Edited to add: I forgot to mention, another problem with getting white light out of low-cost LED-based fixtures is many of them don’t actually have any white LEDs - just equal numbers of red, green and blue LEDs.
Theoretically, when you combine red, green and blue (RGB) light in equal amounts you get white. But because of differences in efficiency in the LEDs used in these products, you never get true white.
The fixtures you see at a pro concert use a pure while light source and change colors by putting different colors of dichroic glass in the light path, the same way incandescent or gas-discharge fixtures work.

 

Edited by Dana_V
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Yes, that does help. 

One has to wonder if bands are having harder times making live pro videos when the clubs they play have LED lights. 

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20 minutes ago, Steve Haynie said:

One has to wonder if bands are having harder times making live pro videos when the clubs they play have LED lights. 

Absolutely.

Having said all that, and even though I work for a world-renowned lighting company, both bands I play in use Chauvet LED-based lights. They're lightweight, relatively inexpensive and we don't have to worry about tripping breakers in the bars where we play (like we did when we used PAR 38s). But man I wish they were brighter. Even video shot on a full-HD camera ends up looking murky.

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Another problem with LED's is that they act as point sources and the "point" is physically very small. That's part of why you can see it tiny LED from a large distance.

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26 minutes ago, HAMERMAN said:

Another problem with LED's is that they act as point sources and the "point" is physically very small. That's part of why you can see it tiny LED from a large distance.

Exactly. The viewing angle of a single LED is very narrow, and since the fixtures we're talking about are almost exclusively direct-view, even the wash fixtures create a relatively narrow beam.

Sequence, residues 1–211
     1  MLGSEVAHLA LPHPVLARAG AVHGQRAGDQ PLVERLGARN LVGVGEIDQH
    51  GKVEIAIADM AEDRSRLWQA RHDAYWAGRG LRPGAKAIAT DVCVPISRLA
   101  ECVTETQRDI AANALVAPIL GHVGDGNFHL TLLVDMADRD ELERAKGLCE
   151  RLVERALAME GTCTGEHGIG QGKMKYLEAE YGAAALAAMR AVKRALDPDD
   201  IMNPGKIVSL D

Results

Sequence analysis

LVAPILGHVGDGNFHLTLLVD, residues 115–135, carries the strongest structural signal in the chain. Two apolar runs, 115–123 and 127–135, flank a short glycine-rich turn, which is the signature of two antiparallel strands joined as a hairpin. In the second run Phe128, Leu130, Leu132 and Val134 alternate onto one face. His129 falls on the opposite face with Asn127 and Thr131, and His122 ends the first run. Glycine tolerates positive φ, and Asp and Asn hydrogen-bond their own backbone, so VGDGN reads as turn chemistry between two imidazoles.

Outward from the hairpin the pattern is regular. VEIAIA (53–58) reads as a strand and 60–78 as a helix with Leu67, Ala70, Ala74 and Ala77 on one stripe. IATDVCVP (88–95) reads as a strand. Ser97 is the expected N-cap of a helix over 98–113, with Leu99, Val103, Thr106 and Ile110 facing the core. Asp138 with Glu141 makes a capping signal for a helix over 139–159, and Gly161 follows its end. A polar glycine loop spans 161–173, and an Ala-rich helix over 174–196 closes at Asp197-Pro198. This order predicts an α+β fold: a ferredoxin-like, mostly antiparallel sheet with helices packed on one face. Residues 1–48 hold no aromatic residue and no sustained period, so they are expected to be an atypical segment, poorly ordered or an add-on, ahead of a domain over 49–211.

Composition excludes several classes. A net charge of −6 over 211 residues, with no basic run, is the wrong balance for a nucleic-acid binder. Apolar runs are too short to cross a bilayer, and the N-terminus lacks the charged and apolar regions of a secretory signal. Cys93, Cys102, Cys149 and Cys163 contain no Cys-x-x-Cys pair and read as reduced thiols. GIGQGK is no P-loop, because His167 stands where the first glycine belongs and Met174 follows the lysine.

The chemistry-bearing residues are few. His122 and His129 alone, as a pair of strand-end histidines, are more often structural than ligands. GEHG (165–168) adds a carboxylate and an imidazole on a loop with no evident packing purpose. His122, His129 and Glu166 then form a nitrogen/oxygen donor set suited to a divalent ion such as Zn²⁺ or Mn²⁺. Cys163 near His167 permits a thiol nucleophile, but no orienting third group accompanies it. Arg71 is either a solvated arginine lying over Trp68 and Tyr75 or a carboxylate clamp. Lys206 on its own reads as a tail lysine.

To create a proper light source, multiple white LEDs are assembled in a cluster under a lens. This is a light engine from a typical modern fixture, and you can see the individual LEDs under the lens:

Light Engine.jpg

Once the source is established you can manipulate the beam however you want - color, shape, brightness (with mechanical dimming), etc.

 

 

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We used to play with 16 Par64's and twelve Par38's.  Had to plug the system directly into the electrical box pre-fuses.  Never blew out a building or "the room".  Our sound man was an electrical engineer, but we always stood in close proximity in case we had to save him.  No kidding!

I remember playing fourteen nights in a row at the Pier in Daytona Beach.  I wore sunglasses because the lights were so bright.  I looked like a raccoon by the end of the two week gig!

That being said, we now use sixteen Chauvet LED lights.  The stage is, in my opinion, a bit dim.  Five members of the band aged 57 (me) to 66 don't need bright lights like the "old days".  A little dim is just our thing.  Wrinkles and rolls hide in the shadows.

LED's might save energy, but they will never replace high energy lighting.   

 

 

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The memories of a hot nights in no AC bars steaming under 2 dozen par 64’s... takes a lot of beer... and bandana’s...

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I remember my son (now our sound man) asking, "you had those lights five feet above your heads?"  We all cracked up.  He immediately understood the heat they generated and why we talk about gigs being a "work-out" in the old days.  I'd lose five or six pounds on a back to back weekend!

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LEDs are a lifesaver for us fat guys - both in heat and in weight. Our light guy would get pissed when I'd re-aim the par 64s anywhere but at me. That was the worse part of playing out - grunting those heavy-ass lights in, standing in front of them for 4 or 5 hours, then having to grunt them back out.

FWIW: I replaced our mercury vapor yard light with a similar LED version and the first thing I noticed is the brightness. The LED is considerably brighter and whiter. Makes stuff look almost HD - clearer and crisper. But the other thing was the throw - while the LED was brighter, the mercury vapor light went farther. It sounds weird and I don't know how that can even work, but the LED doesn't stay as bright as far out. I was kinda surprised by that.